His Darwinian approach may seem controversial to many but if it is even partially true that the Universe is at all "homogenous" we do observe Evolution as a natural consequence of self-ordering. responding to the same physical laws everywhere. That the Universe evolves doesn't seem a far-fetched concept in that light and certainly must be a productive avenue to explore, even if only for falsification.

    I will continue looking for the original lecture but hopefully you are as well. It surely isn't wasted time.
     
  13. Nov 17, 2016 #12
    Please advise how to construct the wave function of graviton?
     
  14. Nov 18, 2016 #13

    bhobba

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    QFT particles do not always have wave functions - this is one case - EM is another.

    We do however have a QFT:
    https://arxiv.org/abs/1209.3511

    Beyond the Plank scale we don't know - yet.

    We do not, and inherently can never know, if a gravitational field is like say an EM field and acts on things as if space-time is curved, or space-time is actually curved. The QFT description assumes the former.

    Thanks
    Bill
     
  15. Nov 18, 2016 #14
    thanks.

    it is a nice paper, are you the author of the article:

    The effective field theory treatment of quantum gravity

    by Prof. John F. Donoghue
     
  16. Nov 18, 2016 #15

    bhobba

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    No.

    Its just there is a bit of confusion about quantum gravity it clears up. It is often said QM cant be reconciled with GR. That's wrong. Its fits perfectly;y well into QM up to about the plank scale. Beyond that we just don't know - but that is different to what is usually said.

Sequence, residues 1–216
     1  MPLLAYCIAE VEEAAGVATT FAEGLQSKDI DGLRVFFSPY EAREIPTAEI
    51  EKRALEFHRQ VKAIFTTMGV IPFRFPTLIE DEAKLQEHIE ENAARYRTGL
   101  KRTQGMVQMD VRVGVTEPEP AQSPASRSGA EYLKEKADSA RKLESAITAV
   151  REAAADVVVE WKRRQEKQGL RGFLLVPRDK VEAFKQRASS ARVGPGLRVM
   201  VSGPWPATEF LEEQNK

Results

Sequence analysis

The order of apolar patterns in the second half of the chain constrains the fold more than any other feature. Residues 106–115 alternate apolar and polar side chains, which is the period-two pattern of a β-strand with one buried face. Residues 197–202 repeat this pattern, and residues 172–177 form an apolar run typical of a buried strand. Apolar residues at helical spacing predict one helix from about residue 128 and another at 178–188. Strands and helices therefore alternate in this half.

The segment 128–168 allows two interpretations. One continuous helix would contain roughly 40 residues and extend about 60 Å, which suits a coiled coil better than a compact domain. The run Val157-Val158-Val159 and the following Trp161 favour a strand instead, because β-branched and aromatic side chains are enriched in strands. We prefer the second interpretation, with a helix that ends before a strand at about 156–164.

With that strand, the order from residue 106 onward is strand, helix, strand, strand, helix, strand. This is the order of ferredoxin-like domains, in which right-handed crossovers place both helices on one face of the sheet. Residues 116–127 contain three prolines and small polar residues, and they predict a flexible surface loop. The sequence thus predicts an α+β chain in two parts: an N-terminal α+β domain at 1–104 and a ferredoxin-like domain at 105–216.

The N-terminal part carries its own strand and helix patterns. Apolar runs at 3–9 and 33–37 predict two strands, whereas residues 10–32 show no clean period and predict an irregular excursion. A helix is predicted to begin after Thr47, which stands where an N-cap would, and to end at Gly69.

Thanks
    Bill
     
  17. Nov 19, 2016 #16

    Dear Bill,

    thanks. I agree with your opinion. Your understanding on the problem is really in-depth. Do you mean that Quantum gravity is about the science up to the Planck scale? Beyond the Planck scale, of course, there is no any suitable theory up to today. Can we guess that, beyond the planck scale, there was no time and space instead of energy or even nothing exist? Everything came from nothing, so we have $d(dG)=0$.
     
  18. Nov 19, 2016 #17

    bhobba

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    Yes and we have guesses beyond the plank scale eg string theory.

    No. It came from things like the false vacuum which most definitely is not nothing. A lot of populations making such claims is sensationalist rot. Come here for the real dead. But it wont be from me because I am not an expert in this area.

    Thanks
    Nill
     
  19. Nov 30, 2016 #18
    Certainly one experiment/observation does not a proof make but it is my understanding that the ESA Integral data from 2004 re; GRB 041219A is at least hard evidence that the Universe is not grainy down to 10^ -48 meters, substantially lower than the Planck Scale by orders of magnitude. It seems to me this presents serious obstacles to String and QG theorists. True, it can't yet be said that we "know" below Planck Scale but we are not without evidence that must be addressed in any serious hypothesis.
    Reference - http://www.esa.int/Our_Activities/Space_Science/Integral_challenges_physics_beyond_Einstein